When I first started reading She Wulf, I was not aware that this book is a re-telling of Beowulf from the perspective of a woman as hero. Sure, the author has taken liberties and set the book in the present day with a time-travelling adventure element, but many aspects of the old legend are still in place. This brings me to another aspect that I liked about this book: the world-building was very well done! I know a bit about England in the 1000s from my Old English course and actually translated a part of Beowulf, too, and Steines did a good job at bringing that world to life in a believable way. Also the Wizard Guard (some kind of magical police), their lifestyle, and the magic Annie and the other characters can do was well thought through and made me want to know more of how the wizards interact with ordinary humans and about their history.
My main problem, though, was that I just couldn't connect with any of the characters, so quite often I didn't really care all that much about what was happening to them. The novel is written in the third person, which makes sense because the perspective alternates between Annie (stuck in the past) and Cham or one of the other wizards in the present who are trying to get her back. Though I prefer first person narratives, I usually have no problem connecting with characters portrayed from a third person perspective if the reader still gets believable insight into their feelings and thoughts. But here, I somehow felt more like a distanced outside observer. Another problem with giving the reader such an omniscient perspective was that many new discoveries the characters make are told twice because both groups, past and present, need to find out about them. This made me feel like the book was dragging, especially in the middle.
Maybe if I had read the prequel and knew how Cham and Annie got together, I would have cared more about them and rooted for their relationship. But having only read She Wulf, I didn't really see any chemistry between them and was largely indifferent to Cham's grief when he was left behind in the present. I wished he would stop moaning and moping around her desk and actually do something, like the others! I lost count of how often he cried or had tears in his eyes. I like it when men show some feelings, but he just came across as weak and unable to take action on his own. I cared more about Spencer, Annie's newly assigned partner, who always looked out for her and took care of her when she got sick in the Viking's village. Later, when it is revealed that Annie is part of an ancient prophecy and actually supposed to be in the past to fulfill her destiny, I must admit that I didn't understand why it was so important that Cham get to her at all. I felt like he didn't trust her to get the job done.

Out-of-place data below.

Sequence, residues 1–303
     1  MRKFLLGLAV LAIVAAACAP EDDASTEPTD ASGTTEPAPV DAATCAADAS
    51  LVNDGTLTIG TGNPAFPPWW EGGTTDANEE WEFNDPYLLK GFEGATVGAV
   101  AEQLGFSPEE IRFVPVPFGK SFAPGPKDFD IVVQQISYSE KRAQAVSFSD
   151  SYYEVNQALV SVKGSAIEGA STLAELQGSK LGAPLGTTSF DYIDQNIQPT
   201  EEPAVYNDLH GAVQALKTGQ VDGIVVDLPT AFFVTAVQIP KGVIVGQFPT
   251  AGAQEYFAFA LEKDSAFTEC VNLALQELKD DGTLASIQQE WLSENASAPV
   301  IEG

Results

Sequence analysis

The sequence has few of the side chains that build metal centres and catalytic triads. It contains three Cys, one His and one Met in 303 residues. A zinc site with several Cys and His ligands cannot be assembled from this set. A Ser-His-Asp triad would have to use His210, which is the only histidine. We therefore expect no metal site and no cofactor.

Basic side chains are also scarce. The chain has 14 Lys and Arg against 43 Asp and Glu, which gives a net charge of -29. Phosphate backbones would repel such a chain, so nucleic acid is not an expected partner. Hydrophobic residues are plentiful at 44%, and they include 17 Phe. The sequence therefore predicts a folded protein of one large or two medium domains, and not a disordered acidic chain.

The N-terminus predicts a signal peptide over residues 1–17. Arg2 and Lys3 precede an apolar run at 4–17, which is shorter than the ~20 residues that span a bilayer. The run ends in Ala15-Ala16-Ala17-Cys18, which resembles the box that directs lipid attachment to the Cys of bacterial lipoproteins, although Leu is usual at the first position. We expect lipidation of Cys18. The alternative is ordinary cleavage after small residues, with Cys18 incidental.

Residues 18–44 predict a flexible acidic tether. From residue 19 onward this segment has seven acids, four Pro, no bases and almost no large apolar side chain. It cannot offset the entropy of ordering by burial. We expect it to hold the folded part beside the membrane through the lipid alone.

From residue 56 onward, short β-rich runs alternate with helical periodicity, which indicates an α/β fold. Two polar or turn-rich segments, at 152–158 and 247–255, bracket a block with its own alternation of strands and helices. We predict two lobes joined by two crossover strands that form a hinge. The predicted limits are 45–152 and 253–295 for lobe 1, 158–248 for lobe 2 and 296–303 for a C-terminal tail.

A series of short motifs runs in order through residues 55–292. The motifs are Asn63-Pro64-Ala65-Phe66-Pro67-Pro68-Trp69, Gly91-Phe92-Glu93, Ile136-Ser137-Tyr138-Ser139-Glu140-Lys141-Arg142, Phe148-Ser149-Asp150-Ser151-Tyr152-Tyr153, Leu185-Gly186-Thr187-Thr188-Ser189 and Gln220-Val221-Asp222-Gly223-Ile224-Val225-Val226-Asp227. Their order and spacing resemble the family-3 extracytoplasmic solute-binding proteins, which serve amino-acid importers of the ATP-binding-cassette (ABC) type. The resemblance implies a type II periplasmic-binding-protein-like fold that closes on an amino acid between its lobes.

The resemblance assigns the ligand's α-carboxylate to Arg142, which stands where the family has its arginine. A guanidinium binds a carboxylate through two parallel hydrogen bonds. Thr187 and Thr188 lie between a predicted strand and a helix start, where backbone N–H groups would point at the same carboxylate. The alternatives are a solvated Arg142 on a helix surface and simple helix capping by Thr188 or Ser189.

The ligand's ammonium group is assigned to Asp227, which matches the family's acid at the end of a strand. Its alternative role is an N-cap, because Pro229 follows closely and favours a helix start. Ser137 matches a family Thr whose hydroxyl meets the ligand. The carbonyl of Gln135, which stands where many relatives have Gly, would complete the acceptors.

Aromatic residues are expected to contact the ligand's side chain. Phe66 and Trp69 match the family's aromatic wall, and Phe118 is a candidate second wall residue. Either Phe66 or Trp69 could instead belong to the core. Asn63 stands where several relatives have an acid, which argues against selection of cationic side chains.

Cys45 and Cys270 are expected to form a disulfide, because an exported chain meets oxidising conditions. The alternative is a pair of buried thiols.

What I enjoyed was that part of the story was told from the Viking's perspective! I really liked his voice and the glimpse inside his head I got with that, and it was interesting to see Annie through his eyes. Generally I liked the parts that dealt with the Viking village and their relations to the Coven of magicians (the two don't really get on). Both groups kept secrets from Annie and Spencer and trying to figure out who was friend and who was foe kept me guessing. I also liked the descriptions of the demon attacks on the village a lot, they were realistic. The way to defeat the demons, though, was something I thought the Coven should have been able to figure out on their own, without bringing in help from a thousand years in the future.
Overall, this novel shows great ideas for creating a magical world parallel to our own, good historical research, and a well-structured plot arc. The characterization and some of the story-telling narrative aspects just weren't for me. I think I'm not romantic enough. If you're a fan of lovers parted and trying to find a way back to each other across space and time you should give it a chance though. The mixture of demons, old English lore, wizards, magic, portals, spells, and time travelling is pretty unique!
I don't like giving this one a `meh' review, but I also want to be honest. I hope I could provide a fair assessment of what I thought were the strengths and weaknesses of the book. Judging from some of the other reviews I've read I think it just wasn't my cup of coffee.
Most recent customer reviews
I have to say I think this is better than the first one.Read more
I read the first book in this series, The Day of First Sun, about a month ago.Read more